It probably doesn’t come as a surprise to anyone that faculty have noticed an increase in classroom distraction related to technology in recent years. And yet, with that very same technology being used as a valuable teaching tool, how do you keep students on-task? Jeffrey Bartel, Ph.D., associate professor of psychology and Jamie Fornsaglio, Ph.D., associate professor of biology became so interested in this question that they worked together on four different research studies to try to answer it.
“Basically, we’re looking for ways to help us help them focus,” according to Dr. Bartel. “Eventually we hope to use specific interventions to reduce distracted technology use that are based on the individual’s reason for using technology.”
“We both believe in using technology to teach,” says Dr. Fornsaglio. “However...even a best practice like the flipped classroom is ineffective if students don’t engage.”
(The flipped classroom is a teaching model that involves students studying a topic or lecture prior to a scheduled class. The class time is then opened up for discussion with the professor and classmates, or for hands-on learning guided by the professor.)
Two students - psychology and music major Emily R. Cygrymus and osteopathic medicine - biology and psychology major Alyssa Doyle, partnered with the professors on two of the projects. (Both students are also members of Seton Hill's Honors Program.) Taken together, the projects involved more than 250 students and faculty from over 39 schools.
Here - greatly summarized - is what they were looking for, and what they found out.
- Student Perceptions of, and Engagement in, Technology Distractions - In this study, Drs. Bartel and Fornsaglio aimed to extend current research regarding whether students’ perception of technology distraction is related to their own nonacademic technology use. Students surveyed reported being unlikely to be distracted by others’ technology usage in the classroom, no matter how often it occurred. Read the Study (PDF).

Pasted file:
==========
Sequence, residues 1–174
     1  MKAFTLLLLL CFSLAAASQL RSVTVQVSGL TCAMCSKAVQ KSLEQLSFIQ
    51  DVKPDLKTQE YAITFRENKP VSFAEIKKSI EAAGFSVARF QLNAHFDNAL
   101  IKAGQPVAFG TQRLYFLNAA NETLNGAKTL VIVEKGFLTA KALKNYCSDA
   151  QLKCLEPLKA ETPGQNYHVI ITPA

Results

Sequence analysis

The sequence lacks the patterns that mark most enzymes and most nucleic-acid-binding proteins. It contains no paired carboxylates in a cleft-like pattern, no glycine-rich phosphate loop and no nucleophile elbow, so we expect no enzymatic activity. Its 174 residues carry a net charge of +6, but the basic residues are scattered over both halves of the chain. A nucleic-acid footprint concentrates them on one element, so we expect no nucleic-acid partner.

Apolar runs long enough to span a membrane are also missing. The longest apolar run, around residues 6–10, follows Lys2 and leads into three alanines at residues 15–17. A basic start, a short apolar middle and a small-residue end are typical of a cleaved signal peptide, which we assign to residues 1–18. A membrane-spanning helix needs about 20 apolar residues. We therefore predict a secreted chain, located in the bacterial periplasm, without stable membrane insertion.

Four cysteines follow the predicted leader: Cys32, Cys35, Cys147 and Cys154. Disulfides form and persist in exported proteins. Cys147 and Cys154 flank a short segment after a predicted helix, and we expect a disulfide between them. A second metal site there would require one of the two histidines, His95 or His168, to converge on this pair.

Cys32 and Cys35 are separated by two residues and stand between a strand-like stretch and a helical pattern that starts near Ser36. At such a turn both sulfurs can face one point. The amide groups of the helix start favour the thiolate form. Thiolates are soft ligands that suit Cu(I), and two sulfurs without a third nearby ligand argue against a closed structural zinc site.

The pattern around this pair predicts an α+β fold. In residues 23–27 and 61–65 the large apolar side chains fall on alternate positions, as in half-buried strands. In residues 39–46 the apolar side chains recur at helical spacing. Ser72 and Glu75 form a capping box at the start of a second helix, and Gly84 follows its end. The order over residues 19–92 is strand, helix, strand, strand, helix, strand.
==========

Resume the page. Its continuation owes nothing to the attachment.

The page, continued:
- The Relative Influence of Faculty and Classroom Norms on College Students’ Distracted Technology Use -For this study, Drs. Bartel and Fornsaglio explored whether students looked more to their peers or to faculty when deciding to engage in nonacademic technology use. They discovered that peer use and lenient faculty technology policies both lead to nonacademic technology use among those surveyed and that faculty policies, in part, seemed to affect peer use. Read the Study (PDF).
- FoMO Predicts Student Technology Distraction While Studying but Not in the Classroom - This project, led by student Emily Cygrymus, with Drs. Bartel and Fornsaglio and student Alyssa Doyle, investigated the relationship between a student’s fear of missing out (FoMO) on things happening in the world outside the classroom (or the study space) and nonacademic technology use. They discovered that students who were surveyed and were higher in FoMO were engaged in more technology distractions while studying, but this relationship did not hold for classroom technology use. Read the Study (PDF).
- Relationships Among Faculty Policies, Technology Addiction, Nonacademic Technology Use and GPA - This project, led by student Alyssa Doyle (shown here presenting her research), with Drs. Bartel and Fornsaglio and student Emily Cygrymus, examined the relationship among faculty policies, technology addiction, distracted technology use and overall GPA. They found that stricter faculty policies against nonacademic technology use are associated with higher GPAs, and that, while cell phone addiction predicted off-task technology use of cell phones, internet addiction did not predict such use for laptops. Read the Study (PDF).